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NEW CRP: A Study of E-learning for Teaching and Assessing Competency in Contouring (E33041)

New Coordinated Research Project
IAEA staff present a poster about the previous CRP at the Estro 37 conference in Barcelona.

IAEA staff present a poster about the previous CRP at the Estro 37 conference in Barcelona. (Photo: E. Zubizarreta/IAEA)

The IAEA is launching a new 2-year Coordinated Research Project (CRP) to measure the impact of instructor-led virtual learning on achieving uniformity in radiotherapy contouring practices. The study, which is focused on multidisciplinary staff in low and middle-income countries (LMICs), will seek to determine how the benefits seen from blended learning are maintained when local imaging is used.

Contouring is a key skill used by radiation oncologists when planning for the accurate, precise and consistent delivery of radiation to patients with cancerous tumours. The process uses specially designed computer software to generate 3D images of a patient’s body from medical scans taken using diagnostic imaging tools. These images allow first for the identification of the location and size of cancerous tumours, and second for the outlining of healthy organs. Once these steps have been accomplished, oncologists can better plan, based on tumour size and depth, where radiation should be delivered and how much is needed. This minimizes the exposure to healthy tissues and organs. The more accurately a tumour can be contoured, the more likely the desired treatment goals will be achieved.

The field of radiation oncology has evolved rapidly in recent decades in terms of innovations in treatment equipment, volumetric imaging, information technology and increased knowledge in cancer biology. New delivery technologies and associated imaging modalities have enabled highly optimized precision radiation therapy and supported improvements in tumour control and cancer patient cure.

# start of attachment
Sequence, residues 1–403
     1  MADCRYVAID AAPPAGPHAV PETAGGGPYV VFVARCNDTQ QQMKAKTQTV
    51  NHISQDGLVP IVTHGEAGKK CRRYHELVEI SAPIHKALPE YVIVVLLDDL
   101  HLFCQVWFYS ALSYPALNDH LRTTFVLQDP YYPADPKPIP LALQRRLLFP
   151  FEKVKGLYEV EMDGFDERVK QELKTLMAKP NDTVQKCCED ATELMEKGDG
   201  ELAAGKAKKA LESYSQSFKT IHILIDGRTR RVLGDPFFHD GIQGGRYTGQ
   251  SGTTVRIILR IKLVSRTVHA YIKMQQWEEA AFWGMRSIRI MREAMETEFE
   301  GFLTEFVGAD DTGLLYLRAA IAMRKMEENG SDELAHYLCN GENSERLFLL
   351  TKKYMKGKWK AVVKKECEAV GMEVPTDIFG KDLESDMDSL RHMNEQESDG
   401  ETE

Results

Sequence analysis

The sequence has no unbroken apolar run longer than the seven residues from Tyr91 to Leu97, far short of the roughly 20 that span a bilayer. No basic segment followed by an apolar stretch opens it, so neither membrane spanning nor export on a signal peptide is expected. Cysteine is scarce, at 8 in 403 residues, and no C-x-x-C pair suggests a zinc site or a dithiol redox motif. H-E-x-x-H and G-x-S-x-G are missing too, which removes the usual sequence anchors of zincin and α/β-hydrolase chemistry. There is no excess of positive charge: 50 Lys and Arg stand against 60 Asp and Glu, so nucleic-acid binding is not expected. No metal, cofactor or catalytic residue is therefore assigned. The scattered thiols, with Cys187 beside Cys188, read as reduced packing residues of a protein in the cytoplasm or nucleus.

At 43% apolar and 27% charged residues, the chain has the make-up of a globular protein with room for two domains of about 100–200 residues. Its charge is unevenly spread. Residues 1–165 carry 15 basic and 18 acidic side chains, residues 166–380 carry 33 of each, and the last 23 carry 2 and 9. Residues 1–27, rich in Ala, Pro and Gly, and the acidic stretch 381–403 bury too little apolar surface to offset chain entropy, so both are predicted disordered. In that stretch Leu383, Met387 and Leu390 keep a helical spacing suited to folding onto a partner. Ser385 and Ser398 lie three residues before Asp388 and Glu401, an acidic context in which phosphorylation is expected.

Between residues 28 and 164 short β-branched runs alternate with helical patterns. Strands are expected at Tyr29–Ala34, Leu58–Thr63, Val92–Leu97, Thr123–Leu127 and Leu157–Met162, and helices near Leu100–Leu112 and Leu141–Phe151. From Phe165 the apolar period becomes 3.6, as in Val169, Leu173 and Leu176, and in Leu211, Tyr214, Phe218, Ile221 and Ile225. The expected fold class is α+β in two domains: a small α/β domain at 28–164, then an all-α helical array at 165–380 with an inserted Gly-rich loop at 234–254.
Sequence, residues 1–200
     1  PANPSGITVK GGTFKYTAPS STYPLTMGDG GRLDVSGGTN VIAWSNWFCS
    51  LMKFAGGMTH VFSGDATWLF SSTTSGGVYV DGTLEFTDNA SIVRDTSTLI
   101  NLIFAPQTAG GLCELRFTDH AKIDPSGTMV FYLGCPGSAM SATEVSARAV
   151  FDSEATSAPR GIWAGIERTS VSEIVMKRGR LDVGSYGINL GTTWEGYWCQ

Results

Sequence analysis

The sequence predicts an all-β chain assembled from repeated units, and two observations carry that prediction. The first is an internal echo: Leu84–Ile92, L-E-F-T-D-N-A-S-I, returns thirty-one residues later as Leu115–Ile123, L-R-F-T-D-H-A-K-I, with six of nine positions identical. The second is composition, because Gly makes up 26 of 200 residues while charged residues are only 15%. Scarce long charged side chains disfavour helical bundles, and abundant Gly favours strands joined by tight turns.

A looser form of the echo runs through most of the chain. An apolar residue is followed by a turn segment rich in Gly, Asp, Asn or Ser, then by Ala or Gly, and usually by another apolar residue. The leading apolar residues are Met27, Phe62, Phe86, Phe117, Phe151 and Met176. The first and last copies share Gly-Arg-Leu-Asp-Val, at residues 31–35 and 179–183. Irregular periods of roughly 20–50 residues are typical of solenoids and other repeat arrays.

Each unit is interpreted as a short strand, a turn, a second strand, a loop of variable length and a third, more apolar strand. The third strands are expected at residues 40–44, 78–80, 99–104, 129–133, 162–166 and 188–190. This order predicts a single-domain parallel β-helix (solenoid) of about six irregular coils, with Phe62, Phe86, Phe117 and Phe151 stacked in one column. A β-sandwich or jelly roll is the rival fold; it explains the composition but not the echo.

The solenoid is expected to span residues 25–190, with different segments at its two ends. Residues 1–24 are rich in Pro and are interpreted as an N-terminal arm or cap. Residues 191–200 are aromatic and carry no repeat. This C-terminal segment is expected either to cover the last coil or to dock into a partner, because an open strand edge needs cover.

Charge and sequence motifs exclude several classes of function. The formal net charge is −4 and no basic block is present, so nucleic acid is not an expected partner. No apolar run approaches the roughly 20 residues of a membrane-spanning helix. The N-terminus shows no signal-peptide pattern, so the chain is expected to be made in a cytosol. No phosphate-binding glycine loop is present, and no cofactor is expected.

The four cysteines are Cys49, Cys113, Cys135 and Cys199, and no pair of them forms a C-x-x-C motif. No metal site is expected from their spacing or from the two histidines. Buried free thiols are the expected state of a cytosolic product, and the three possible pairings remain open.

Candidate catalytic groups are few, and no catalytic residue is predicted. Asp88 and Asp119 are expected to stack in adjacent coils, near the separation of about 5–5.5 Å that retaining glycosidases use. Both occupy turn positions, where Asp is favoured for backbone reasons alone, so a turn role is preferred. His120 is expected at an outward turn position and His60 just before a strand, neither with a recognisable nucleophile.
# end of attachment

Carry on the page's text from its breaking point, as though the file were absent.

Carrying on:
Concepts and terms for the definition of Gross Tumour Volume, Clinical Target Volume and Organs At Risk (OARs) have continued to advance, in part through a series of International Commission on Radiation Units and Measurements (ICRU) reports, becoming widely disseminated and accepted by the European and international radiation oncology community. The selection and contouring of target volumes – both organs and tumours – and OARs has become a key point in modern radiation oncology. However, despite ICRU reports and guidelines from international organizations such as the European Society for Radiotherapy and Oncology (ESTRO) and the Radiation Therapy Oncology Group, clinical research on single institutions and multicentre experiences has suggested major variations in contouring for both for target volumes and OARs.

Education and training in contouring is therefore a major learning objective for the radiation oncology community. It is especially relevant in developing countries which have only recently transitioned from 2D to 3D planning and as a result, where less of a trained establishment exists. E-learning is appealing in this situation, particularly when the resources required to attend international live courses are limited. To this end, the CRP will build upon the results of a previous IAEA-ESTRO joint project - Quality Assurance of Volumes Definition for Three-Dimensional Treatment Planning - in which the benefit in accuracy achievable by blended leaning for oncologists in LMICs was demonstrated.

CRP Overall Objective:

The primary objective of this CRP is to enhance the quality of contouring of target volumes and organs at risk for 3D conformal radiotherapy in LMIC countries through online education and training workshops.

Specific Research Objectives:

  • To determine whether the benefits seen from blended learning using ‘textbook’ cases are maintained when local imaging from LMIC facilities are used in training workshops;
  • To determine whether the benefits seen from blended learning are maintained and reproducible in further anatomical disease sites;
  • To train multidisciplinary staff in LMICs who are increasingly involved in the delineation of OARs to contribute to the goal of high quality 3D radiotherapy;
  • To evaluate the impact of online blended learning on patient dosimetry and determine what clinical benefit can be predicted.

How to join the CRP:

Please submit your Proposal for Research Contract or Agreement by email to the IAEA’s Research Contracts Administration Section, using the appropriate template on the CRA website.

For further information related to this CRP, potential applicants should write to the Research Contracts Administration Contact Point.

This is just one of the many ways nuclear technology is used to improve human health and quality of life – and will be one of the subjects discussed at November’s IAEA Ministerial Conference on Nuclear Science and Technology.



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